RT-PCR (reverse transcription polymerase chain reaction)
Total RNA was extracted from macrophages using the RNeasy Mini Kit (QIAGEN, USA) in an RNase-free environment. The reverse transcription of 1 μg RNA was carried out using M-MLV reverse transcriptase (Promega, USA), oligo (dT) 16 primer, dNTP (0.5 mM) and 1 U RNase inhibitor. After incubation at 65°C for 5 min and 37°C for 60 min, M-MLV reverse transcriptase was inactivated by heating at 70°C for 15 min. The polymerase chain reaction (PCR) was performed in 50 mM KCl, 10 mM Tris-HCl (pH8.3), 1.5 mM MgCl2, and 2.5 mM dNTPs with 5 units of Taq DNA polymerase and 10 pM of each primer set for IL-1β, IL-6, TNF-α, iNOS, and COX-2. The cDNA was amplified by 35 cycles of denaturing at 94°C for 45 s, annealing at 60°C for 45 s, and extension at 72°C for 1 min. Final extension was performed at 72°C for 5 min. The PCR products were electrophoresed on 1.5% agarose gels and stained with ethidium bromide. The primer sequences were as follows: 5'- AGC TCC TCC CAG GAC CAC AC-3' (forward), 5'-ACG CTG AGT ACC TCA TTG GC-3' (reverse) for i-NOS, 5'-AAG AAG AAA GTT CAT TCC TGA TCC C-3' (forward), 5'-TGA CTG TGG GAG GAT ACA TCT CTC-3' (reverse) for COX-2, and 5'-GTG GGC CGC CCT AGG ACC AG-3' (forward), 5'- GGA GGA AGA GGA TGC GGC AG T-3' (reverse) for β-actin as a control for PCR. The band intensity was quantified by densitometric analysis (Infinity 3026, Vilber Lourmat, France).
Preparation of cytosolic and nuclear extracts
The cells were collected after culture and washed twice with cold PBS, resuspended in hypotonic buffer (10 mM HEPES, pH 7.9, 10 mM KCl, 1.5 mM MgCl2, 0.2 mM PMSF, 0.5 mM DTT, 10 μg/ml aportinin). After 15 min incubation on ice, the cells were lysed by the addition of 0.1% NP-40 and vigorous vortexing for 1 min. The nuclei were pelleted by centrifugation at 12,000 × g for 1 min at 4°C and resuspended in high salt buffer (20 mM HEPES, pH 7.9, 25% glycerol, 400 mM KCl, 1.5 mM MgCl2, 0.2 mM EDTA, 0.5 mM DTT, 1 mM NaF, 1 mM sodium orthovanadate). The cytosolic and nuclear extracts were stored in aliquots at -70°C.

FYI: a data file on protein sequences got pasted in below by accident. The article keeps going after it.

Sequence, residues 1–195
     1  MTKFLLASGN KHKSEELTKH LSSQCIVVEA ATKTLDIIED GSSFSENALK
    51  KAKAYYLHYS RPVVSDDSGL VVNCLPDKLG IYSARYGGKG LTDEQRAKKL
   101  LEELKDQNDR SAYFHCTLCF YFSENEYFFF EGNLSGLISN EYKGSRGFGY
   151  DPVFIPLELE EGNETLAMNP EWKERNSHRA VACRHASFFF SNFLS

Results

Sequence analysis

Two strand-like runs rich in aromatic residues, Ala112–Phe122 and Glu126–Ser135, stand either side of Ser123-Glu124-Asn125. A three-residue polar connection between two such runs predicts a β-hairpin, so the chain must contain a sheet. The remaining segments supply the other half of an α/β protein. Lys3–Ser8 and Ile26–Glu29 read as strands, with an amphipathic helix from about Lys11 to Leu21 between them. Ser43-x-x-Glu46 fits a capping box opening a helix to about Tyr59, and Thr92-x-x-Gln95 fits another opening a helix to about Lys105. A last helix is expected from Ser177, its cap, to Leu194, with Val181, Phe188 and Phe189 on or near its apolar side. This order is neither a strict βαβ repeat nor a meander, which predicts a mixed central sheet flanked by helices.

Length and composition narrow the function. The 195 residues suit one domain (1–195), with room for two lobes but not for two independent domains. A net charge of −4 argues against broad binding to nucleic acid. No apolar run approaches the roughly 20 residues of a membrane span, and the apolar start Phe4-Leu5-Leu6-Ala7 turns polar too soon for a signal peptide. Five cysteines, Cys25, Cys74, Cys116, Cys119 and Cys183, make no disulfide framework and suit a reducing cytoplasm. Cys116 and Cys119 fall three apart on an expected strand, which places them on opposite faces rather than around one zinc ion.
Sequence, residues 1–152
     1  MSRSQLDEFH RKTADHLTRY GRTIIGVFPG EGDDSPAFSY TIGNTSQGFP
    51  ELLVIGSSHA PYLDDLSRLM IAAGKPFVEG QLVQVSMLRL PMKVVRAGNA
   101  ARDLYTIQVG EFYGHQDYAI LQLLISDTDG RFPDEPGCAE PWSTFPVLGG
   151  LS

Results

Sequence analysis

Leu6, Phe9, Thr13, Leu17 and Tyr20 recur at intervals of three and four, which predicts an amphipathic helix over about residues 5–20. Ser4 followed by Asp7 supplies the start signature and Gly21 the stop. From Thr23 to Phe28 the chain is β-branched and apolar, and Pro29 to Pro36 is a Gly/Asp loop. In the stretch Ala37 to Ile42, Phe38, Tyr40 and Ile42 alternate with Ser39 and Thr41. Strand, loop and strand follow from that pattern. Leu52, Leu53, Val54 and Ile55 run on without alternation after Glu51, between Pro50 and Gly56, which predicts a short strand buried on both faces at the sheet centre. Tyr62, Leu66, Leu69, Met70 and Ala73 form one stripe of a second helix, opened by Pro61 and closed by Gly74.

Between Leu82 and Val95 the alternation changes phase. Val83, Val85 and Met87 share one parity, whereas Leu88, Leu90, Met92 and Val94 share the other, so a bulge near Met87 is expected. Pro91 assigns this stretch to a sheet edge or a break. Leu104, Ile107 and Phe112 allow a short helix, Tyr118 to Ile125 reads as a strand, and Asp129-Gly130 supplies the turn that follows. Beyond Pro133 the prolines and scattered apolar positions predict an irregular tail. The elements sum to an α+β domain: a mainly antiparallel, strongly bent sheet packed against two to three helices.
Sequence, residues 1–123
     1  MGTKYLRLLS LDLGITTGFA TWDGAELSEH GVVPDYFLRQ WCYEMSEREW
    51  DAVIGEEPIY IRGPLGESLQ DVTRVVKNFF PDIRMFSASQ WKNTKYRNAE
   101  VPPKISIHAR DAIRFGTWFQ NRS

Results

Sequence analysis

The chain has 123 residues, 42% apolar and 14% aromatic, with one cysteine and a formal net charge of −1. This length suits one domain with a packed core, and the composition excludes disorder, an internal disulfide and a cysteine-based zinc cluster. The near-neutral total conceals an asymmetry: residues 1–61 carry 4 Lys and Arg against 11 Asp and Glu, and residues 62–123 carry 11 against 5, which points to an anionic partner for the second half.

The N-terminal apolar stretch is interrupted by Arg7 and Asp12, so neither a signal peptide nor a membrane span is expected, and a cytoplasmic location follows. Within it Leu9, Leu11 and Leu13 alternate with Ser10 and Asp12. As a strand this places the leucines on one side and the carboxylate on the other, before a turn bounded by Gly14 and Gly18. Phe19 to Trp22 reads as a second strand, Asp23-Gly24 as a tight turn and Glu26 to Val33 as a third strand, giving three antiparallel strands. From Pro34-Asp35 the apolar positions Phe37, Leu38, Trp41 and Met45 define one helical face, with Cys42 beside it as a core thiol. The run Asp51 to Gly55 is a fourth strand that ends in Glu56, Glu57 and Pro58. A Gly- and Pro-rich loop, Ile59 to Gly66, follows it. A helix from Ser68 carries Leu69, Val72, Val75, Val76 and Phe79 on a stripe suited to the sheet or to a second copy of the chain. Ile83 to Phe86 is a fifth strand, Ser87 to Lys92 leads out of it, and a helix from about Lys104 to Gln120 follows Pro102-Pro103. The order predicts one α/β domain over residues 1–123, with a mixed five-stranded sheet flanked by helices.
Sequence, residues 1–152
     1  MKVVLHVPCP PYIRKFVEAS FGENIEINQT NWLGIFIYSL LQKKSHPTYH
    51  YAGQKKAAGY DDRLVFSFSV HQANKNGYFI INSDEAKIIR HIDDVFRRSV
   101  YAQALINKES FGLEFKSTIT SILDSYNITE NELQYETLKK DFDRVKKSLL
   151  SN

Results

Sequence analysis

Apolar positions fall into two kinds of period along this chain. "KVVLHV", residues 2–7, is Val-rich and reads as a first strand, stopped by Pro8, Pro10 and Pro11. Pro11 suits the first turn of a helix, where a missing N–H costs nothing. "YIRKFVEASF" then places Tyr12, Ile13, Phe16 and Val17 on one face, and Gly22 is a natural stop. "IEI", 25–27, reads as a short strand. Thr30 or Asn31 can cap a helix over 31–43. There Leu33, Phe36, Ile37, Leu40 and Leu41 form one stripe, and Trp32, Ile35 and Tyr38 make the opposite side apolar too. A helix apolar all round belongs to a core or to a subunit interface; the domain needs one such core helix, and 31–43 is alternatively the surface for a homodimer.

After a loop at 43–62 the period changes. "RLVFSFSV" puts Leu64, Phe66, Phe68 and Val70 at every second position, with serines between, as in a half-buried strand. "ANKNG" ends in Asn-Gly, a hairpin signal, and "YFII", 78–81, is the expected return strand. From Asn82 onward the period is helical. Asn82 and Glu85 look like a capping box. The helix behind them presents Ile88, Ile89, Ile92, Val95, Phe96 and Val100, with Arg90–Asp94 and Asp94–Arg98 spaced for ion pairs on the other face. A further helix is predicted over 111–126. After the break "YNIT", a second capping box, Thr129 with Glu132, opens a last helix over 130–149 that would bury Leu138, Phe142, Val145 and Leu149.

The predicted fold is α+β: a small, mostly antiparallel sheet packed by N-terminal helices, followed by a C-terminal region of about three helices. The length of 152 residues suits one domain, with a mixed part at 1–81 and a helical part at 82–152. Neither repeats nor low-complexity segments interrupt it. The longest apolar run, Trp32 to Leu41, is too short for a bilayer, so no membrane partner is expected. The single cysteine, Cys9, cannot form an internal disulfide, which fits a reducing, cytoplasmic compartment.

Western blot analysis
RAW264.7 cells were washed with phosphate-buffered saline (PBS) and lysed using lysis buffer (1% SDS, 1.0 mM sodium vanadate, 10 mM Tris-Cl buffer, pH 7.4) for 5 min. Further, 20 μg of protein from the cell lysates were applied to 8-12% SDS-polyacrylamide gels and then transferred to nitrocellulose membranes. The membranes were blocked in 5% skim milk solution for 1 h. They were then incubated with anti-TNF-α, anti-IL-1β, anti-IL-6, anti-iNOS, anti-COX-2, anti-p-IκBα, or anti-p65 monoclonal antibodies for 2 h and subsequently washed 3 times with PBS. After incubation with an AP-labeled secondary antibody for 2 h, the bands were visualized using an alkaline phosphatase substrate (VECTOR, USA).